The MDC Alliance could join forces with the National Patriotic Front (NPF), headed by retired brigadier-general Ambrose Mutinhiri, to enhance their chances of winning the forthcoming polls.
Insiders within the Alliance told the Daily News yesterday that there were behind-the-scenes manoeuvres to incorporate NPF into the coalition, led by firebrand MDC leader, Nelson Chamisa.
As if to confirm this, MDC deputy treasurer-general Charlton Hwende seemed to suggest on his Twitter handle yesterday that the alliance could give seats such as Harare South to NPF officials in order to end Zanu PF’s hegemony.
Shadreck Mashayamombe — the acting secretary-general of the NPF — was the Member of Parliament for Harare South before his expulsion from the ruling party early this year for being part of the Generation 40 (G40) faction which was averse to Emmerson Mnangagwa’s presidential bid.
“The president . . . today addressed a rally in Harare South. Shadreck Mashayamombe addressed wearing red. He will make a good candidate for MDC Alliance. Several disgruntled Zanu PF join(ed) MDC Harare South Rally. NPF likely to join the MDC Alliance soon,” Hwende twitted.
This comes as Mashayamombe, an avowed supporter of former president Robert Mugabe surprised all-and-sundry when he attended the MDC Alliance rally held in Harare South recently clad in the movement’s dominant colour, red.
The ex-Harare South lawmaker chanted the opposition party’s slogan “Chinja Maitiro, Chisa Mbama Chisa,” to wild celebrations from MDC supporters.
“I am still learning the slogan; give me more time but I will get used to it,” said Mashayamombe.
“We don’t want change that comes in pieces; we want a complete change. So this is what is needed, we need to come together, because without unity we are not going to achieve what we want. We are going to announce to you what we are doing (shall) do in the near future. We are ready for unity in the upcoming elections.
“We thought we cannot be found missing when others who share the same view with us are gathered. We are together in this fight and we want complete change,” Mashayamombe said.
Speaking at the same rally, Chamisa warned President Emmerson Mnangagwa saying the Zanu PF leader cannot stand against a united opposition.
“I was surprised to see my brother Shadreck here, Ngwena (Mnangagwa’s nickname) is not going to survive this time because we are now a united force,” Chamisa said.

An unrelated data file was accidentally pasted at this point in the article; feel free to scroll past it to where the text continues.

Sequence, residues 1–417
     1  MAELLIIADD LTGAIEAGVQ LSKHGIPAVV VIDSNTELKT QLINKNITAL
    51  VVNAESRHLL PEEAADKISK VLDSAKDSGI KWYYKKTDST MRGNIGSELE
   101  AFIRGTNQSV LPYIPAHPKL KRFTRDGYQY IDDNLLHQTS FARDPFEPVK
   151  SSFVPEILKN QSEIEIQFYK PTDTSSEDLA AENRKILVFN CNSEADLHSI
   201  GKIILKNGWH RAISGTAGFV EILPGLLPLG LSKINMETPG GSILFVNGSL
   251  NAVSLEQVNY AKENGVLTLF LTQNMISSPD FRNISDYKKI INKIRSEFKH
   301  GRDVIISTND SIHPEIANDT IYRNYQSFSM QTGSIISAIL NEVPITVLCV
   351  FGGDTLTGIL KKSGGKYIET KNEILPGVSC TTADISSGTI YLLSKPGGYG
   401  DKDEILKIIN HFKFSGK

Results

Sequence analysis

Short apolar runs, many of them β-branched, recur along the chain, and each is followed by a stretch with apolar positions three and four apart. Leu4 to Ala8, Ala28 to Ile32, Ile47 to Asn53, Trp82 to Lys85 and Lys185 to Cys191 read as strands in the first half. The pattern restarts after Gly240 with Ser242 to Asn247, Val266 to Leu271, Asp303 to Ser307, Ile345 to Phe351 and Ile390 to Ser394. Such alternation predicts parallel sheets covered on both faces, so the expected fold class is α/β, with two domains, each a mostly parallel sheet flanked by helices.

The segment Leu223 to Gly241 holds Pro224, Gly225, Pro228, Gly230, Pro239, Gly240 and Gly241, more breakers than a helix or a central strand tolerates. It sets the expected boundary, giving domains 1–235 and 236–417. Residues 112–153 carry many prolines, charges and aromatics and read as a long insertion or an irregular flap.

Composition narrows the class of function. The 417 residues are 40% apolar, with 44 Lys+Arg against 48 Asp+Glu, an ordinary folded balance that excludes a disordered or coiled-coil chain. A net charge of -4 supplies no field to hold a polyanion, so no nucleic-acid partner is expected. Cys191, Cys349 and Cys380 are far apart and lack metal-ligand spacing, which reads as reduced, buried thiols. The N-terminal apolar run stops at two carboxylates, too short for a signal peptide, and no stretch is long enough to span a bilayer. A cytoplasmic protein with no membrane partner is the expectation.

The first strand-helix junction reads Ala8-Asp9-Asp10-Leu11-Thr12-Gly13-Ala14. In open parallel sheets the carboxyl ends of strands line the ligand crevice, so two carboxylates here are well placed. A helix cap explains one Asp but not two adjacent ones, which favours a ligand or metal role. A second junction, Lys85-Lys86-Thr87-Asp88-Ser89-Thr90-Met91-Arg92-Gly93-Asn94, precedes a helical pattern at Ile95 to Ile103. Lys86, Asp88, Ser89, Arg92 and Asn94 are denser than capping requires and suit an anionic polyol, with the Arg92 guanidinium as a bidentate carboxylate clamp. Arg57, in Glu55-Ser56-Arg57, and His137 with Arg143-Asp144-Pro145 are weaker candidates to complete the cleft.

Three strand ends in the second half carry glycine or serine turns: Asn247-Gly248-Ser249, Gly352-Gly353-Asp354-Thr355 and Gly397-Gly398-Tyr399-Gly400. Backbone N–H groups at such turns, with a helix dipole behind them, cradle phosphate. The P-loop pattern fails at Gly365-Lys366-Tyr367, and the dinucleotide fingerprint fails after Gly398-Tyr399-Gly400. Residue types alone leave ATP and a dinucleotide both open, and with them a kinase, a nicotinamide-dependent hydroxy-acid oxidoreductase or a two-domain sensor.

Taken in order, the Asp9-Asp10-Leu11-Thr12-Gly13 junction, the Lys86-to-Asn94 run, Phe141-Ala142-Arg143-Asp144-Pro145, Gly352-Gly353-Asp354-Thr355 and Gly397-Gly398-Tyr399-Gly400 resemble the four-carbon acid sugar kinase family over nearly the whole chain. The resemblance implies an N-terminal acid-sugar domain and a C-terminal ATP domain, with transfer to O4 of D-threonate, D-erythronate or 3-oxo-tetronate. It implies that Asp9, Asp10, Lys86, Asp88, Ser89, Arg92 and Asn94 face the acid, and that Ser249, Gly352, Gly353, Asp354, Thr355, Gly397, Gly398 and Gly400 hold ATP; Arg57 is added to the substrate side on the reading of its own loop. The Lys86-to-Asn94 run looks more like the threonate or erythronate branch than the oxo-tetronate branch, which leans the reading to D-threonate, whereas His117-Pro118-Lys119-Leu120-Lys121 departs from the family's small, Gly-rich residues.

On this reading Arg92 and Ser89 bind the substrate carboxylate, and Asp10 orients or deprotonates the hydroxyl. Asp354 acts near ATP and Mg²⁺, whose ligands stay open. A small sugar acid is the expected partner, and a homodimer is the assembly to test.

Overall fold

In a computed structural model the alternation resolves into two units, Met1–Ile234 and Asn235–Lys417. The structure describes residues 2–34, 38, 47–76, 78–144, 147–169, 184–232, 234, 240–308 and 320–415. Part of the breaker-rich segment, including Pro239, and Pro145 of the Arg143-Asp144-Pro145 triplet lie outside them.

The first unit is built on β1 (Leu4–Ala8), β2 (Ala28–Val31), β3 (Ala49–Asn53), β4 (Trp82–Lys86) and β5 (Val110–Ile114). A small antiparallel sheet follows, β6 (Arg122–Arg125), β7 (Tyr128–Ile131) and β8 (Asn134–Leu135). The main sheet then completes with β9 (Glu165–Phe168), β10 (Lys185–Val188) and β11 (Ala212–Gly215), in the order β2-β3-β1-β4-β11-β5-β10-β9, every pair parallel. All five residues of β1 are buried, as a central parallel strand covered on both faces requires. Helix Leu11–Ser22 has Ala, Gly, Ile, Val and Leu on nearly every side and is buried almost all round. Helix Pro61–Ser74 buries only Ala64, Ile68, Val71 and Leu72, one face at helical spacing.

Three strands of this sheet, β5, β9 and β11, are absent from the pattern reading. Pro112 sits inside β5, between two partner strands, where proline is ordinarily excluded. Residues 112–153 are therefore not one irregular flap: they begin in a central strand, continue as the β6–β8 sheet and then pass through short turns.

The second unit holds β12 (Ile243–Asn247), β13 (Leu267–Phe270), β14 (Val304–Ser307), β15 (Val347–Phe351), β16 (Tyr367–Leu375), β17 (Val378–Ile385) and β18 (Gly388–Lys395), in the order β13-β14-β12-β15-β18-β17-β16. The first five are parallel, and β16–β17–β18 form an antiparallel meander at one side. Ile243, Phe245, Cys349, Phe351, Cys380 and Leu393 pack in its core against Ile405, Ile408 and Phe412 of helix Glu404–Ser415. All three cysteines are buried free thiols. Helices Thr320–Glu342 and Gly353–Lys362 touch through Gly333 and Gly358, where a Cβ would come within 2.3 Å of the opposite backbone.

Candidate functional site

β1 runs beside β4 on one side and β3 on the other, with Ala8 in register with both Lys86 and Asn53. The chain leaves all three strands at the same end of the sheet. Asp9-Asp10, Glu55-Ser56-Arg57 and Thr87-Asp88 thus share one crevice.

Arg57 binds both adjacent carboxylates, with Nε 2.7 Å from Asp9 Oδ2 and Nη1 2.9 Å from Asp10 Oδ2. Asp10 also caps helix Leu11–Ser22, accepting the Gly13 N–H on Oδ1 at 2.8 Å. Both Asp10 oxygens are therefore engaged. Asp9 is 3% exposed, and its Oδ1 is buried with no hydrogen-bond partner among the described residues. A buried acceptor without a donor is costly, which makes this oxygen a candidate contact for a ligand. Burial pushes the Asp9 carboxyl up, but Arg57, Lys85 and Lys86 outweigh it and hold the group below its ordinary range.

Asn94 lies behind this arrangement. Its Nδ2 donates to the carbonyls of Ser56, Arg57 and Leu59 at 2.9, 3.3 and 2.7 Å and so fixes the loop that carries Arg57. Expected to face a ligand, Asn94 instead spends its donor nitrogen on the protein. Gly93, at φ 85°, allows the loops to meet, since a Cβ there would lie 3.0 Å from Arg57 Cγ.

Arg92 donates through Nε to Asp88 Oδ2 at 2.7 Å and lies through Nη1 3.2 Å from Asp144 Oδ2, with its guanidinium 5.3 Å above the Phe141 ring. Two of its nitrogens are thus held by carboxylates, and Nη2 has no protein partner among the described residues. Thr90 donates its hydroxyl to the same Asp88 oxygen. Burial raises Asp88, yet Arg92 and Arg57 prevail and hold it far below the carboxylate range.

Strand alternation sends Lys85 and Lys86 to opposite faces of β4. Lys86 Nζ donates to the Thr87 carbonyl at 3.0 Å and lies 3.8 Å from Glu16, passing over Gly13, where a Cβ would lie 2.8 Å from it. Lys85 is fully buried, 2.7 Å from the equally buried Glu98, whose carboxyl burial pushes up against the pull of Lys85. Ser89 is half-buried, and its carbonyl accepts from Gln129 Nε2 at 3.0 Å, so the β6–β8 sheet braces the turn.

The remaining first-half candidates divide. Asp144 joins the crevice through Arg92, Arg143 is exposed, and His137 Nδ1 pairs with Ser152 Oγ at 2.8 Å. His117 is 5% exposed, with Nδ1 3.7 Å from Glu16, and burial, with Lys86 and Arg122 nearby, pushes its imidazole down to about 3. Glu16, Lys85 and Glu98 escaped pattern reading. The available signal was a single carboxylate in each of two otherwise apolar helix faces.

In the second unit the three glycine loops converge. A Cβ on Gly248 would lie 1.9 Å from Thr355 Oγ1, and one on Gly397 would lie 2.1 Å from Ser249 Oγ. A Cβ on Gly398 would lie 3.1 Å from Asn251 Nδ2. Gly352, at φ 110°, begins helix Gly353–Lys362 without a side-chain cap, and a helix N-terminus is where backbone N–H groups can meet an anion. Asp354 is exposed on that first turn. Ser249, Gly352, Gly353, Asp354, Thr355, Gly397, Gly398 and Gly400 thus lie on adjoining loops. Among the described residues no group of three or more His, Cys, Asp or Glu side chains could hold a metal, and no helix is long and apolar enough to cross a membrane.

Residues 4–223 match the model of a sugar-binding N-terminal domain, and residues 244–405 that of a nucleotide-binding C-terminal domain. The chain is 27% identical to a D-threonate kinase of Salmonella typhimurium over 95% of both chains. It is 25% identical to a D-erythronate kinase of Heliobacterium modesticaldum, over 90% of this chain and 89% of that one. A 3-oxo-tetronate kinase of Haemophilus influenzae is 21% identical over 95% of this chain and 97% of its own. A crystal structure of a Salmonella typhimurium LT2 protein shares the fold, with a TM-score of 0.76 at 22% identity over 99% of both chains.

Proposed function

Contacted for comment, MDC spokesperson Tabitha Khumalo ducked questions from the Daily News.
She said: “As MDC, we cannot discuss this in the media. When the right time comes, you will be informed”.
Since the NPF’s formation this year, Zanu PF has been in panic mode because of its alleged links to Mugabe.
Although the party is yet to launch, most Zanu PF officials associated with the G40 faction have openly thrown their weight behind the NPF, which is currently organising structures around the country.
The interim president of the NPF, Mutinhiri, served under Mugabe’s government in various capacities before resigning from Zanu PF early this year.
He has since been joined by several allies of Mugabe, among them Mashayamombe, former legislator Sarah Mahoka and former minister of Bulawayo province Eunice Sandi Moyo.
While NPF is unlikely to pose any threat to Zanu PF on its own, analysts said it is capable of rocking the boat, especially in rural constituencies, where Mugabe remains a formidable political brand.
Analysts said a synergy between the MDC, which is popular in urban areas and the NPF might cause serious problems for Zanu PF.
The MDC is the largest opposition Zanu PF has faced since independence in 1980.
A year after its formation, the broad-based party rooted in trade unionism ran Zanu PF a close second in parliamentary elections in 2000, securing a political lock on Matabeleland and urban centres that it has managed to retain ever since.
For the first time in two decades, the forthcoming elections will not feature Mugabe and the popular late MDC leader Morgan Tsvangirai, who lost his valiant battle with colon cancer in February this year.
Mugabe’s 37-year iron-fist rule was dramatically ended by the intervention of the military in the country’s governance last November, paving the way for the installation of his long-time aide Mnangagwa as his successor both in government and in Zanu PF.
The MDC Alliance is a conglomeration of seven parties, with Chamisa’s MDC being the dominant partner.
Apart from the MDC, the alliance includes Tendai Biti’s People’s Democratic Party; Welshman Ncube’s MDC; Jacob Ngarivhume’s Transform Zimbabwe; Zanu Ndonga headed by Denford Masiyarira, and the Multi-Racial Christian Democrats which is led by Mathias Guchutu.